Democrats go down to the wire

With polls in Iowa pointing to a tightening three-way race, Democratic candidates are scrambling for votes in a contest that could shape the rest of the primary season. Most polls show Hillary Clinton and Barack Obama in a dead heat ahead of the Jan. 3 Io

With polls in Iowa pointing to a tightening three-way race, Democratic candidates are scrambling for votes in a contest that could shape the rest of the primary season. Most polls show Hillary Clinton and Barack Obama in a dead heat ahead of the Jan. 3 Iowa caucuses, with John Edwards within striking distance. The New Hampshire primary, less than a week later, is shaping up as a two-way race between Clinton and Obama, but a surprise Edwards victory in Iowa could scramble that contest, too.

In Iowa, Obama continued to stress his theme of “real, meaningful change,” while painting Clinton as the captive of special interests. Clinton embarked on a helicopter tour with her husband of all 99 Iowa counties, after picking up the endorsement of the influential Des Moines Register. “We want to give people a good sense of her, not only as a leader, but as a person,” former President Bill Clinton said. Edwards was sounding an increasingly populist note, railing against “the few and the powerful.”

Clinton is facing “a moment of great peril,” said E.J. Dionne in The Washington Post. As recently as six weeks ago, she was seen as “the inevitable victor.” But as Obama found his voice, Clinton seemed to lose hers. By prematurely engaging in a general election strategy that stressed her more hawkish views, she failed to inspire the Democratic base. If she can’t stop Obama in Iowa, her loss “could easily cascade” into losses in New Hampshire and beyond.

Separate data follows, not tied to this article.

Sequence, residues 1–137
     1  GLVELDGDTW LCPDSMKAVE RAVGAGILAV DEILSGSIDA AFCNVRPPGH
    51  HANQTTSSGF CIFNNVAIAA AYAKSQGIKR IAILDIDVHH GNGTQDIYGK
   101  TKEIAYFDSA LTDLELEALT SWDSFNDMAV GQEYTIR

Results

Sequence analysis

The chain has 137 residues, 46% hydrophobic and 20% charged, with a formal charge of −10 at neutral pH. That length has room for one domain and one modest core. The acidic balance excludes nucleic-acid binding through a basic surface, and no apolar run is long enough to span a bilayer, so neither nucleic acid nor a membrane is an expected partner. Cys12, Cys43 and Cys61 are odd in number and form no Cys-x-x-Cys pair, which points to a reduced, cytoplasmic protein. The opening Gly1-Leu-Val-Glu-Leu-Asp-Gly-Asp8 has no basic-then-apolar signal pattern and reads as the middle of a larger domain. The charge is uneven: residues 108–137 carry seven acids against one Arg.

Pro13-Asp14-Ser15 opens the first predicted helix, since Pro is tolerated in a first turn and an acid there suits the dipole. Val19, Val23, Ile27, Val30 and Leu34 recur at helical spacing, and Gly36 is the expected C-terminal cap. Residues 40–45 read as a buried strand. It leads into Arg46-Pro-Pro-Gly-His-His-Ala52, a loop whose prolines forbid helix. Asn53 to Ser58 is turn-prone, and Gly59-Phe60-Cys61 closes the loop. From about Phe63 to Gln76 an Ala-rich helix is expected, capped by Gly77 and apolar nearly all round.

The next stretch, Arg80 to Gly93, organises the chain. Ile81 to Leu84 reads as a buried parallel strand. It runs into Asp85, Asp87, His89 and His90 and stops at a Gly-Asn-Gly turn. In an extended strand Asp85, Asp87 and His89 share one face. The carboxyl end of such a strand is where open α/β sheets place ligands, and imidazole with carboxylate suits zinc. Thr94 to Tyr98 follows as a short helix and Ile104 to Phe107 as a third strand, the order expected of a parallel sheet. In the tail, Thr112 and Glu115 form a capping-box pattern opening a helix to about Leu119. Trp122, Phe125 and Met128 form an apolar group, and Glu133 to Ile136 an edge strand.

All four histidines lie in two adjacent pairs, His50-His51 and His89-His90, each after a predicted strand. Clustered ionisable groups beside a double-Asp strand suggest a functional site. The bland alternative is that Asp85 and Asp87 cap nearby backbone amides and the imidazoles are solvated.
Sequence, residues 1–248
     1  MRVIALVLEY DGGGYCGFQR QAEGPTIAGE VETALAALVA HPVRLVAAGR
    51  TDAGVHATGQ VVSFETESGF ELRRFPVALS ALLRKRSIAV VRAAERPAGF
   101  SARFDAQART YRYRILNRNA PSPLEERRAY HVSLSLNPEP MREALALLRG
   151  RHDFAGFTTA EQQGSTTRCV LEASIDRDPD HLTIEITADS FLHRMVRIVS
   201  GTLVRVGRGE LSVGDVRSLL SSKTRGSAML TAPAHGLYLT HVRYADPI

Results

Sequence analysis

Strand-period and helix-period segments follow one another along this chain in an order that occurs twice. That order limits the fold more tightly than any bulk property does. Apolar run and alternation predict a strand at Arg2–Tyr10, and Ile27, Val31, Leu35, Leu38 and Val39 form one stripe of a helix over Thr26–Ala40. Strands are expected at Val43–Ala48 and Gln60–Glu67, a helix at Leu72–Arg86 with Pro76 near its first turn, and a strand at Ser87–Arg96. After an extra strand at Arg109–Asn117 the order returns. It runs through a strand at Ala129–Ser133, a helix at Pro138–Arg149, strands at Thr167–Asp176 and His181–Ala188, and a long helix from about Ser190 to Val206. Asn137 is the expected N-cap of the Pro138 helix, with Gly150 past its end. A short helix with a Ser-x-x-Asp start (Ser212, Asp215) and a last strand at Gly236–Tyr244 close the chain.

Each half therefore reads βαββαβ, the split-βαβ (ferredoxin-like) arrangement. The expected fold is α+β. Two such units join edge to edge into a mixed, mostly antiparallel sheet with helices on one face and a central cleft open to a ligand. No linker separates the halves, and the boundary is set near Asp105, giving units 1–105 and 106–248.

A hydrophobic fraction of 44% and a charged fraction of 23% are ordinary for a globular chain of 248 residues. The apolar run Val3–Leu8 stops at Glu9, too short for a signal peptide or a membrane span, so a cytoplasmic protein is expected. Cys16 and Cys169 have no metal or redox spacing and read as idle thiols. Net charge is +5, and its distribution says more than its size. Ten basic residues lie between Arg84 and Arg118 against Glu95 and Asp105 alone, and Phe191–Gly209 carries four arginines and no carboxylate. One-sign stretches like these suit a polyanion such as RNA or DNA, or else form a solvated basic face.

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Clinton is often called too “polarizing” to win in November, said Ezra Klein in the Los Angeles Times. But “polarization isn’t a character trait, it’s the outcome of a process.” As her opponents become better known, opinions about them, positive and negative, will harden. It’s not that Obama and Edwards are less polarizing than Clinton. “It’s that they’re not as polarizing yet.”

The scrum in Iowa reveals something surprising about the Democrats, said Robert J. Caldwell in The San Diego Union-Tribune: “In an election cycle that should overwhelmingly favor them,” none of their leading candidates is coming across as a shoo-in come November. Clinton’s “overly calculating” campaign has turned off many voters. Obama has personal warmth and an inspiring message, but on national security, he seems dangerously naïve. In short, Republicans still have reason to be optimistic.

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